I've been struggling for a long time with understanding the distortion of yoga by our western culture, especially since I've begun teaching at a yoga studio and now begun my own Ashtanga practice.
One of the things I see most is people pushing themselves so hard that their yoga practice becomes a sort of masochistic pleasure. And then, of course, there are the other people who see this yoga culture and assume that they couldn't possibly do yoga--they're not fit enough, it's too hard, and they're horribly uncomfortable and exhausted when they try a class.
People tend to approach yoga in a goal-oriented way, because one of our cultural assumptions is that the only way to improve is through effort. Even if they understand the mindfulness aspect and focus on their breathing, they muscle their way through their practice using willpower.
What if you were to find genuine ease in your practice? Could yoga (and the rest of life) be about intentionally putting oneself into awkward, unfamiliar postures, and figuring out how to make that comfortable and enjoyable? When we're in difficult situations, how can we make those pleasurable?
I think a problem we have, though, is that we don't actually know what pleasure feels like. We spend so much of our time muscling through life--succeeding through sheer force of effort and willpower--that we don't trust that anything can come from awareness and attention alone. We act upon the assumption that we are not good enough as we are and that we must get somewhere else, be someone else, achieve a particular goal in order to be worthy of life.
What if we are good enough exactly how we are? What if we are exactly how and who we're "meant" to be? We improve organically by being aware, paying attention, and asking good questions--not because we have to improve or because we kill ourselves trying, but because we are wired for learning. Our nervous systems are wired to be constantly taking in new information, sorting through that, and adapting and improving based on that input. We only stop improving when we become complacent, stop asking questions, abandon our curiosity, and stop sensing and feeling ourselves.
We need to spend time cultivating this sense of ease though. We have learned to not sense or feel ourselves--it's an adaptation that we make to live in a world and in a way that's not congruent with our true selves. For example, when we're kids and we need to be outside playing but are made to sit at desks all day, we find that, from our powerless position, the solution to the problem is to stop feeling ourselves. But we're not powerless anymore--we're adults, and if we claim our power, we have the freedom to make our own choices. So we must begin to come back to ourselves and develop our sensitivity to we can know how we really feel, who we really are, and what we really need. And trust me, this is a lifetime of work in and of itself. There's a infinite amount of sensitivity to cultivate, and we have to keep coming back to it or we lose it. But this sensitivity--learning to sense and feel ourselves--is how we "restore each person to their human dignity" and begin to "live fully [our] unavowed dreams" (Moshe Feldenkrais).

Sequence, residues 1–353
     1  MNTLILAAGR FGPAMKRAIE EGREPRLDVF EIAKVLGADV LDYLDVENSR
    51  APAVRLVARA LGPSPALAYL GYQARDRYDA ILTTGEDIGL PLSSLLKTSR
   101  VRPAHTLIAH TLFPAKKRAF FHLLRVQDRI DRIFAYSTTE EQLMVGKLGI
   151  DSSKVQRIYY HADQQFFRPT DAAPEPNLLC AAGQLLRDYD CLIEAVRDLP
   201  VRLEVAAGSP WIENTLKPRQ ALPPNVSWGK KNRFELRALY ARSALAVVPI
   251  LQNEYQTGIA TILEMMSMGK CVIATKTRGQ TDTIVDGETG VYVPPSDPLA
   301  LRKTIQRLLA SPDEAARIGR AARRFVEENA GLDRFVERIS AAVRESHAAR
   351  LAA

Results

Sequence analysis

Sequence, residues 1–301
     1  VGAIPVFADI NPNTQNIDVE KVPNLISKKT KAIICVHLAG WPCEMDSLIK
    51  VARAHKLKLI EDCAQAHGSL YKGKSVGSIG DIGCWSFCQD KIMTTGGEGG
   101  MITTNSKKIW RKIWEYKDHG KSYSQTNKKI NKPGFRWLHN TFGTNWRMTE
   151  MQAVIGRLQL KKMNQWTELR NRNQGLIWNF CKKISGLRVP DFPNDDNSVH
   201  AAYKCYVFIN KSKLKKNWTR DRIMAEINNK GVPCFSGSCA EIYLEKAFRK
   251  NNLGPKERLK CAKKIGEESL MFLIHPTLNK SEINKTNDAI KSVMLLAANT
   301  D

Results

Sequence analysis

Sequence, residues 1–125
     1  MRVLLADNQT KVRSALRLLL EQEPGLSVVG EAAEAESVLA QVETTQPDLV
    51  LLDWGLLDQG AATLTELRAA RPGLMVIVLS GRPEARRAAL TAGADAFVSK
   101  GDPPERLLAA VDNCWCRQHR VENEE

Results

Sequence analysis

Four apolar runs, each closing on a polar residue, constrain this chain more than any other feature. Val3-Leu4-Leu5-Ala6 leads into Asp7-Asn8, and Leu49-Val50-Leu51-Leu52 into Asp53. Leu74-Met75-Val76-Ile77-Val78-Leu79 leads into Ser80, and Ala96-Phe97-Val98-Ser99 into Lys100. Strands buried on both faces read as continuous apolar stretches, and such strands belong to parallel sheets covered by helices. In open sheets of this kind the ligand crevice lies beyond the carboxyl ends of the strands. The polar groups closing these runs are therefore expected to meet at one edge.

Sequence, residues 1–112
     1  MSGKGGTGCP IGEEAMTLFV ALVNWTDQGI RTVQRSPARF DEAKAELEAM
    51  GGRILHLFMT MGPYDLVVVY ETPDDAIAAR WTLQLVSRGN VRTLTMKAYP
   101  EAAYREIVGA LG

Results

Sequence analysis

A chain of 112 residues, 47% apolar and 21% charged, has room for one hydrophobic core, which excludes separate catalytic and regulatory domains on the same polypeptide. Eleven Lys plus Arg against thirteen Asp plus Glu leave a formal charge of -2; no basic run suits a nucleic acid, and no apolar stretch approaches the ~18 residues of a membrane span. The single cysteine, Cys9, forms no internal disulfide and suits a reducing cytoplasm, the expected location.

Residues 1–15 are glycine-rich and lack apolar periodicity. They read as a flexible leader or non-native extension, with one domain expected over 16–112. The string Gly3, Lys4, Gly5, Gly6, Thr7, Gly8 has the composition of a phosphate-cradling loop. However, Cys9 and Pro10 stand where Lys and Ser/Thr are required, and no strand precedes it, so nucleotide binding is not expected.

So next time you're in a yoga pose--or an unfamiliar situation in life--can you sit with it, notice yourself, and ask good questions? Can you find a way to soften, to reduce the effort, and to genuinely enjoy it? Can you find ease and comfort and play? Because play, of course, is the real way we improve. Play and curiosity are how we're wired to learn. When something feels pleasurable and enjoyable, we want to come back to it, and it becomes effortless. When we make ourselves do something because we think we should, it takes a whole lot of effort, and we become stuck in an addictive cycle of self-denial and deprivation.
Also see "Illuminating Yoga" by Rebecca Roman, GCFP, ABM, E-RYT 500.
I'm Alex. I'm a Feldenkrais teacher and bassoonist interested in how we can live in happier and healthier lives. I live in an intentional community centered around permaculture, and I teach at a wilderness school. I think a lot, read a lot, and value connecting with people and the Earth. I write to figure out what I think.